This article was originally published on June 20, 2011 and expired on June 27, 2011. It is provided here for archival purposes and may contain dated information.
Have you noticed all the tall white flowers growing along roadsides throughout West Central Illinois? According to Rhonda Ferree, University of Illinois Extension horticulture educator, "This weed is poison hemlock and is increasing in numbers."
Poison hemlock grows two to six feet high and is closely related to wild carrot (Queen Anne's Lace). Both plants have lacy, fern-like leaves. Hemlock, however, grows much taller and has purplish spots and blotches on its hollow stems. Both plants have white flat flowers. Although usually found growing along streams and roadsides, poison hemlock has been spreading into gardens, pastures, and waste areas the past few years.
As the name implies, poison hemlock is a very poisonous plant. In fact, it was the juice of this plant that the ancient Greeks used to poison Socrates. Many cases of human poisoning occur because the hemlock roots are mistaken for parsnips; the leaves, for parsley; and the roots and seeds, for anise. For livestock, poisoning is most likely to occur in early spring, when tender new leaves come from the root. Later in the year all parts of the plant are poisonous.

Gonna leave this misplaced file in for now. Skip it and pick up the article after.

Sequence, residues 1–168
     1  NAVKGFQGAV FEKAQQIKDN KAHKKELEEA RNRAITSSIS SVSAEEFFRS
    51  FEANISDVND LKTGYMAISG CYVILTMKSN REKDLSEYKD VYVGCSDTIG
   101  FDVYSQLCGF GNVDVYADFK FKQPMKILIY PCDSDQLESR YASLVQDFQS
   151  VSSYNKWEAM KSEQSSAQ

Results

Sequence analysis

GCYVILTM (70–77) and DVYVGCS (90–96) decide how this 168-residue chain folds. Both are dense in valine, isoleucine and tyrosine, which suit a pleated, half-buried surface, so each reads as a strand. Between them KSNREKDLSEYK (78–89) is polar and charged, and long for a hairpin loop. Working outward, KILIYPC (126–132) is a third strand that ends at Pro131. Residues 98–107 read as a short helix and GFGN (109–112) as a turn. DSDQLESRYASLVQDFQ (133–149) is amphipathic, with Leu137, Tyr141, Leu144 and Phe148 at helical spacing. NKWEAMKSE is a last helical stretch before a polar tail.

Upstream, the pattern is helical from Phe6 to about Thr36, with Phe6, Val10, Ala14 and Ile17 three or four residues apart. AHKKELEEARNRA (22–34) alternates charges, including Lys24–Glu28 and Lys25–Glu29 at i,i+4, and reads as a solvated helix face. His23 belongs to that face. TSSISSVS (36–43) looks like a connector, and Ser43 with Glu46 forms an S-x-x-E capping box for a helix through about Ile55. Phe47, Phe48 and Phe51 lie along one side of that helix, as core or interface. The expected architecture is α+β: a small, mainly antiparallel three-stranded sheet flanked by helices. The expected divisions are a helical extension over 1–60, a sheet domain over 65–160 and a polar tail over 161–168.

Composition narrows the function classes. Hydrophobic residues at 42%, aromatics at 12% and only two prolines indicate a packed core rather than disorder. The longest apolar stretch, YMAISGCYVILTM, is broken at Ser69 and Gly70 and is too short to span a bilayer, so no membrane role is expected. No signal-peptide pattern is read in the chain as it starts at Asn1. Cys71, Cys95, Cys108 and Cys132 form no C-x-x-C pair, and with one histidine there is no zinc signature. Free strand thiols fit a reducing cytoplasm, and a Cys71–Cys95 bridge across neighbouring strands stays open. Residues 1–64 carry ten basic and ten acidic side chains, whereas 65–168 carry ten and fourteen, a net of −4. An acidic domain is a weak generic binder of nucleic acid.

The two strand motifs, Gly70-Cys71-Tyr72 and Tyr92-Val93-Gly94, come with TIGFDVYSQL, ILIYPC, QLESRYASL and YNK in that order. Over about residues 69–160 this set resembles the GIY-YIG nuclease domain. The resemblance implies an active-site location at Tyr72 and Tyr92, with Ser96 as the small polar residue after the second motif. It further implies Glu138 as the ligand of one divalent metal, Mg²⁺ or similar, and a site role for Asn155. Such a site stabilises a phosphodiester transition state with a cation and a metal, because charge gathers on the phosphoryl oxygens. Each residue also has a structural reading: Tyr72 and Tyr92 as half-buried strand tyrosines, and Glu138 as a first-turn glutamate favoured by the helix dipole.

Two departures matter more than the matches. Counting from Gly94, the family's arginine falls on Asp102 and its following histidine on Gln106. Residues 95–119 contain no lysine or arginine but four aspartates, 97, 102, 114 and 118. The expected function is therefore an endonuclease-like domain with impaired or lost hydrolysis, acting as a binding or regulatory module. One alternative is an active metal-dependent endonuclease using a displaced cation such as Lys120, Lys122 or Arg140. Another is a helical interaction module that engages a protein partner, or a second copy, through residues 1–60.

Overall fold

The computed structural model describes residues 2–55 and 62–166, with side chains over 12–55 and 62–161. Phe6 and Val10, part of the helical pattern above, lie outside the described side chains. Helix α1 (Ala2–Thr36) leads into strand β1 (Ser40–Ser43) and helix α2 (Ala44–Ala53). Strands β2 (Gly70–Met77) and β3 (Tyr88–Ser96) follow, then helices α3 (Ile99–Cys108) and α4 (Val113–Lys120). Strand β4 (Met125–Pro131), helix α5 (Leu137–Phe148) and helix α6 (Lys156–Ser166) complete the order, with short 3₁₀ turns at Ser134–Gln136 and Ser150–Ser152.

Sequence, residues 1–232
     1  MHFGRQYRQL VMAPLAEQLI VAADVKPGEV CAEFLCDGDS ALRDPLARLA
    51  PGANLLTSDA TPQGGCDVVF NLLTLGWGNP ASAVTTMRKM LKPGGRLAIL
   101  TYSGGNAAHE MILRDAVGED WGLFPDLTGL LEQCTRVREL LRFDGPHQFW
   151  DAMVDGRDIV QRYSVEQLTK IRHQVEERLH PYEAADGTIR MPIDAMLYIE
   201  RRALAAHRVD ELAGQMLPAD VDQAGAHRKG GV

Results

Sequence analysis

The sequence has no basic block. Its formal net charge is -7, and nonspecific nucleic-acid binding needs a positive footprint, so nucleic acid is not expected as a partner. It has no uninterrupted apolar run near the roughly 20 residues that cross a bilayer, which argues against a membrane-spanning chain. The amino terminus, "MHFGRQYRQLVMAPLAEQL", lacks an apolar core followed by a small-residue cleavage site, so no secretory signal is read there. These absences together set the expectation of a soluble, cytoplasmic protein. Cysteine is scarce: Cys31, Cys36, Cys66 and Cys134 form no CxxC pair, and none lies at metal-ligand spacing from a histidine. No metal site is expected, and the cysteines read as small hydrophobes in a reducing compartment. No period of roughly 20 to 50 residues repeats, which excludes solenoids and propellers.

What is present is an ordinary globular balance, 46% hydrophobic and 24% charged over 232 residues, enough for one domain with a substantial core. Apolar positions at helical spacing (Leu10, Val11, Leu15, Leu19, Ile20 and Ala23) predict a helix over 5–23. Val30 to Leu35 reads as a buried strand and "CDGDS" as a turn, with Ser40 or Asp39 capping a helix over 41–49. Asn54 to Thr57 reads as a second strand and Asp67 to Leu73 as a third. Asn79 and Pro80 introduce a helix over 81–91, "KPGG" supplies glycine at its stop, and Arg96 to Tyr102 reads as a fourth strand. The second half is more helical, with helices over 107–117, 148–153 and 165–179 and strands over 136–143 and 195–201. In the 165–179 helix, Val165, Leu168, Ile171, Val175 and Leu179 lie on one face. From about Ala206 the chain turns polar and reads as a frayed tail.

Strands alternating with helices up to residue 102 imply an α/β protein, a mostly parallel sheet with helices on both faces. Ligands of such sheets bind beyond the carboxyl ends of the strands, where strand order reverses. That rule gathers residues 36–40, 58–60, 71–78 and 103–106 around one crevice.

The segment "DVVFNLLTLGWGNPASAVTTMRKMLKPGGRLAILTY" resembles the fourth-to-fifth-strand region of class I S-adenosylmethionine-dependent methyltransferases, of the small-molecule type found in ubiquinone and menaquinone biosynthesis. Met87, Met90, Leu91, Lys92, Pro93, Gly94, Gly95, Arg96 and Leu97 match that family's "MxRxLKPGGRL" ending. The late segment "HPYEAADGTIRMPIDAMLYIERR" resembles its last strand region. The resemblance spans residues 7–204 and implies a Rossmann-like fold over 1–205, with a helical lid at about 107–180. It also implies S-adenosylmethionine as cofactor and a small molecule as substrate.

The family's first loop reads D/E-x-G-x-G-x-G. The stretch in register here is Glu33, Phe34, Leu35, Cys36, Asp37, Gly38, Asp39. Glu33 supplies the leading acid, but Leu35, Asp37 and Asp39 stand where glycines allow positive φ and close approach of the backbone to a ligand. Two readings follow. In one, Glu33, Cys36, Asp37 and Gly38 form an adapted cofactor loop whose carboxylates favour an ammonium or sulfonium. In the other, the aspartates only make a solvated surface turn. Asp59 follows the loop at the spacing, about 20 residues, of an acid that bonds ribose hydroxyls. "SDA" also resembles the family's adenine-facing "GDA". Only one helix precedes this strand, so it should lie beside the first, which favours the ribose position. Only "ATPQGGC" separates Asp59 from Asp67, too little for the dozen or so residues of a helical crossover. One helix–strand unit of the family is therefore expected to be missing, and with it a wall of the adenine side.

Poison hemlock has a biennial lifecycle. This means it grows close to the ground with all leaves the first year. The second year, it grows much taller and produces a flower, releases seeds, and then dies. New seeds then germinate each year to repeat the lifecycle. As with most plants, poison hemlock is easiest to control when it is young in its first year.
Other plants are seen, as well, that look similar to poison hemlock and Queen Anne's Lace. Wild parsnip has a comparable flower head, but with yellow flowers. Wild parsnip grows two to five feet tall with celery-like leaves. Some people are very sensitive to parsnips, developing large blisters when touching the plant.
Most of the other similar plants have white flowers. Water hemlock looks similar to poison hemlock but is a perennial plant that grows from tubers. Water hemlock is perhaps the most poisonous plant that grows in Illinois. Although the leaves are not toxic, a relatively small amount of the tuber will kill a cow in a short time. Also prevalent this spring is the large cow parsnip. Not a toxic plant to eat, but very impressive in size at nine feet tall. Cow parsnip also causes blisters on some people.
For more information on this or other horticultural issues, contact your local Extension office by visiting www.extension.illinois.edu. You can also post questions on Rhonda's new facebook page at www.facebook.com/ferree.horticulture.
Source: Rhonda J. Ferree, Extension Educator, Horticulture, firstname.lastname@example.org
Pull date: June 27, 2011
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